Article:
World champion kickboxer Dale “Apollo” Cook made his film debut in 1991 with this film that can’t determine whether it is a kickboxing film or a war film.

A team of commandos are hired to take out a Vietcong regime. The team is led by Jake Reynolds and second in command James Lee. In the midst of the battle, some of the team members are killed in action, and Jake is injured, prompting Lee to save him. Three months later, Jake learns that Lee has gone missing after being the scapegoat for the mission, which was unauthorized. Jake decides to look for Lee.

He learns that Lee has become the champion in an illegal underground fight ring run by drug dealers Mad Dog Dugan and Fixit. With the help of the enigmatic Max Gunther, Jake learns that James has been addicted to drugs that he has no memory of Jake. Jake learns the only way he can get to his old friend is to fight in the ring. After agreeing to take on the beast Leung Ta, Jake begins to train under the tutelage of Max. Will Jake be able to save his friend from a life of possible death or will he also fall to the deadly tournament fights?

Well, well, well. This is a very strange movie that can’t determine what it should be. Shot on location in the Philippines, writer-director Joe Mari Avellana (Bloodfist) attempts to combine a war picture with a martial arts tournament film. The problem here is that instead of complementing the two genres smoothly, Avellana oversaturates the film in its three act story. The first act lasts the first third of the entire movie’s 89-minute running time.

What is the first act? A massive shootout where we just see countless stuntmen playing Viet Cong and our heroic team, led by the debuting Dale “Apollo” Cook and former UFC fighter and kickboxing champion Maurice Smith. The shootout and explosions, depicting a war zone, lasts nearly thirty minutes of the film and that’s just the opening. The second act then is set three months later, where Cook’s all-American soldier must find his old friend who has become the scapegoat for the unauthorized mission that opened the film. The third act reverts back to another war zone but with the heroes now taking on the organizers of the tournament in a massive shootout and explosion. It is just what is expected in this B-movie genre made during the heyday of the classic home video market.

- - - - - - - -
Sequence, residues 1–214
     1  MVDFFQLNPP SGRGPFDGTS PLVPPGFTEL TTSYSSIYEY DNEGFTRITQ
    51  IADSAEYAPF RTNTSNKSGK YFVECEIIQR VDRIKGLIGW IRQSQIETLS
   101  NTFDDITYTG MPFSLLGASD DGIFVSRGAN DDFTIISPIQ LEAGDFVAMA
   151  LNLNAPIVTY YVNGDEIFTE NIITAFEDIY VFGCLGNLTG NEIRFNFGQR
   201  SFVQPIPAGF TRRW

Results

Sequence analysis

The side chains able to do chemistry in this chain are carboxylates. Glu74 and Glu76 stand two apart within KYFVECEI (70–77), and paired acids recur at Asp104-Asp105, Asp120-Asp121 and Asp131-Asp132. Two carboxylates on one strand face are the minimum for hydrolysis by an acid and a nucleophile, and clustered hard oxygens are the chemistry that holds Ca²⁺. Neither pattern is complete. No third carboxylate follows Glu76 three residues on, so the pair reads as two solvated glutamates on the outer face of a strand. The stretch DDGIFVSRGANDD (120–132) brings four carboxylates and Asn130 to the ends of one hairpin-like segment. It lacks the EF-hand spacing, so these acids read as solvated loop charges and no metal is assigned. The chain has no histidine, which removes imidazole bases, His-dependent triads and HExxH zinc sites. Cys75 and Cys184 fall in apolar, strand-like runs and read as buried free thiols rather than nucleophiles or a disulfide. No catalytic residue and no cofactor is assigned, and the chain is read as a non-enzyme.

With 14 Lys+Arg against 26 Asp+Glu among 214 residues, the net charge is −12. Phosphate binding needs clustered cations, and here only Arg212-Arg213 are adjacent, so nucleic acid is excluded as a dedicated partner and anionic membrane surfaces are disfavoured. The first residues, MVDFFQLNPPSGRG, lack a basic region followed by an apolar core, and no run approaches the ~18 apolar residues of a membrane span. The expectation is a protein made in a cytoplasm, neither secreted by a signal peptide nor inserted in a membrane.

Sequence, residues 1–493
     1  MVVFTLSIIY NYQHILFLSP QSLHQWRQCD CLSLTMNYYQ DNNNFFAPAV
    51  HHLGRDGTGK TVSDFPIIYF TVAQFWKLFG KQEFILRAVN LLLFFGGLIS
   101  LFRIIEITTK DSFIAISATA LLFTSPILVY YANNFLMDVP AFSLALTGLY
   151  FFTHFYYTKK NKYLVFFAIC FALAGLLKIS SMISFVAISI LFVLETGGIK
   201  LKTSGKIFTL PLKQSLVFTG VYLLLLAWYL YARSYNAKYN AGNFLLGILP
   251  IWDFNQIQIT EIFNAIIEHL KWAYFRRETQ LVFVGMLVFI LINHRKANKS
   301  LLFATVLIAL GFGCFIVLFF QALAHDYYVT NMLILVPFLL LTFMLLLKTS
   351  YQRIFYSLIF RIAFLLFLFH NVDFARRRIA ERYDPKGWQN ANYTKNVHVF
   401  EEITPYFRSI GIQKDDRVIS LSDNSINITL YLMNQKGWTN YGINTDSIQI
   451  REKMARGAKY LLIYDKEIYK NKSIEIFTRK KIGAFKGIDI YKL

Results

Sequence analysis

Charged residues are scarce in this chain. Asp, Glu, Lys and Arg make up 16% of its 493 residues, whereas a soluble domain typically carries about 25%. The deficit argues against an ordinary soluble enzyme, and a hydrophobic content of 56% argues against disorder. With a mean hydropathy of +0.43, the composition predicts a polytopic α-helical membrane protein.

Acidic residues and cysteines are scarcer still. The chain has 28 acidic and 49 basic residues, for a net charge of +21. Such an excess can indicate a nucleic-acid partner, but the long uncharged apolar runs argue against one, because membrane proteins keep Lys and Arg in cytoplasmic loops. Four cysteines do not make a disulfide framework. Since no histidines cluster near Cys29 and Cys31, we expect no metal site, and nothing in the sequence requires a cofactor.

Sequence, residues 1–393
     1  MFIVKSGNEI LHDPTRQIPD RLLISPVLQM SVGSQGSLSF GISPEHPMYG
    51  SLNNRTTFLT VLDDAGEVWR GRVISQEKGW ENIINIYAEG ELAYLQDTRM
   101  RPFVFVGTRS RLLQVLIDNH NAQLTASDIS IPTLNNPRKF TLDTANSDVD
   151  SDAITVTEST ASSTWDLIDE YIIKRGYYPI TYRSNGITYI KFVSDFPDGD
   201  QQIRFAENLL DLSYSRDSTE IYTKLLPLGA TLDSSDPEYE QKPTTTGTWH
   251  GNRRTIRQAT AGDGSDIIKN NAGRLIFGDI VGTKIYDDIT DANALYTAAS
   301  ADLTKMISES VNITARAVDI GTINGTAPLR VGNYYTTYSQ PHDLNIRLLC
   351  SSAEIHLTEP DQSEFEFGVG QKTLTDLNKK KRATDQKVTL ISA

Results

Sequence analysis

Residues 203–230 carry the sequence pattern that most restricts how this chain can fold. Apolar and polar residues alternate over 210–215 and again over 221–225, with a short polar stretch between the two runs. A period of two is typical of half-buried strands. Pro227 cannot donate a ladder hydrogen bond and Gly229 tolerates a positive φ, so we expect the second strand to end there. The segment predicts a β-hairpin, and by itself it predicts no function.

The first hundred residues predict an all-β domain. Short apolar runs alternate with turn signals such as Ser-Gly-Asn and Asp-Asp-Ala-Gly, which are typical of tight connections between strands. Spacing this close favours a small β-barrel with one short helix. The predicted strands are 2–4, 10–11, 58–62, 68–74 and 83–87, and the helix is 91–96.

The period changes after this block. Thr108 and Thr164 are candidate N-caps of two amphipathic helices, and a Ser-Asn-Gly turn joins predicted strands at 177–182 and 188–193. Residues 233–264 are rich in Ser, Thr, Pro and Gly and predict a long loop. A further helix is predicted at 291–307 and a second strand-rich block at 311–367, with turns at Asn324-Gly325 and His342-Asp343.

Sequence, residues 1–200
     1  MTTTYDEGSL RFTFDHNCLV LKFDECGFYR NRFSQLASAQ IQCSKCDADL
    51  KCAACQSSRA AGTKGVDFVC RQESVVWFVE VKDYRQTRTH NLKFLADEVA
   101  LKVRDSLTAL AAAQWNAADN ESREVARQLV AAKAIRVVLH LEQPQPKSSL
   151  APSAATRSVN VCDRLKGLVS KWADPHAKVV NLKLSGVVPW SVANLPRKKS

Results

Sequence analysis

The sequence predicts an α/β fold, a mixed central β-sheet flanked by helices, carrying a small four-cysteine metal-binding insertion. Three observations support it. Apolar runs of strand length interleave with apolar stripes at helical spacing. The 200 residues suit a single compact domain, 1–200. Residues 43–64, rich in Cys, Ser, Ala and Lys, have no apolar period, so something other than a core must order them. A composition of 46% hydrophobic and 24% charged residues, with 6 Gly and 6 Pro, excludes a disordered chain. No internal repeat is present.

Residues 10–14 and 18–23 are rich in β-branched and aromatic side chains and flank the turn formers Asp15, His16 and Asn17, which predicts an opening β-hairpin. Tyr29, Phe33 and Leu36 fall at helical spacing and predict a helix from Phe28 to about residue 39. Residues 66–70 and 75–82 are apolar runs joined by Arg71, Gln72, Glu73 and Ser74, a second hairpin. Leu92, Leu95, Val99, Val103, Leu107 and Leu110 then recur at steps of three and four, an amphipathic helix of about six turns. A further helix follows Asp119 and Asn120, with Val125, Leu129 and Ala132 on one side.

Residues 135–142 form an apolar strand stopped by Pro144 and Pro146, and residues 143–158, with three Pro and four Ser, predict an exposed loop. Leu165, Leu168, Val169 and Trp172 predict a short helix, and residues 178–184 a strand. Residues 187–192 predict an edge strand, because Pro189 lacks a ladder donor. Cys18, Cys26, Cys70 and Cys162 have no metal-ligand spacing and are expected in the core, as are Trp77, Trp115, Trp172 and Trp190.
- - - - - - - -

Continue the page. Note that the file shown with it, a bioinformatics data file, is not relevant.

It is sometimes hard for a martial arts champion to transition from the ring to the screens. The film marked the debut of Cook, a five-time kickboxing champion and he gets an A for effort. However, he could have made his debut in a more quality picture. This would be the first of his films for Filipino-based Davian International. Cook is a good martial artist. The only issue is that the choreographers of this film don’t really give him a chance to showcase his moves to maximum effect, even when he is paired with the likes of Smith and even Kris Aguilar, a Filipino martial artist who has appeared as a thug or bad guy in many of these films. Thankfully, Cook was invited for a cameo a year later in Yu Rong Guang’s Deadend of Besiegers and that cameo is perhaps one of his best on screen performances.

Maurice Smith, like Cook, is a good martial artist, but his performance here is a bit wooden when compared to his role in Bloodfist II while Robert Marius is perhaps this film’s saving grace as the mysterious mentor Max Gunther, who proves he is not shady whatsoever like his Bloodfist II role of the evil Dieter.

Fist of Glory suffers due to its oversaturating meshing of martial arts action film and war picture. Dale Cook tries his best but suffers on behalf of not being able to really showcase his skills on screen. You will want to hit that fast forward button for most of the first act of the film and go right to the fight portion of the film.


A Davian International production. Director: Joe Mari Avellana. Producer: David Hunt. Writer: Joe Mari Avellana. Cinematography: Ricardo Remias.

Cast: Dale “Apollo” Cook, Maurice Smith, Robert Marius, Tony Cooper, Bob Larson, Eric Hahn, Cris Aguilar.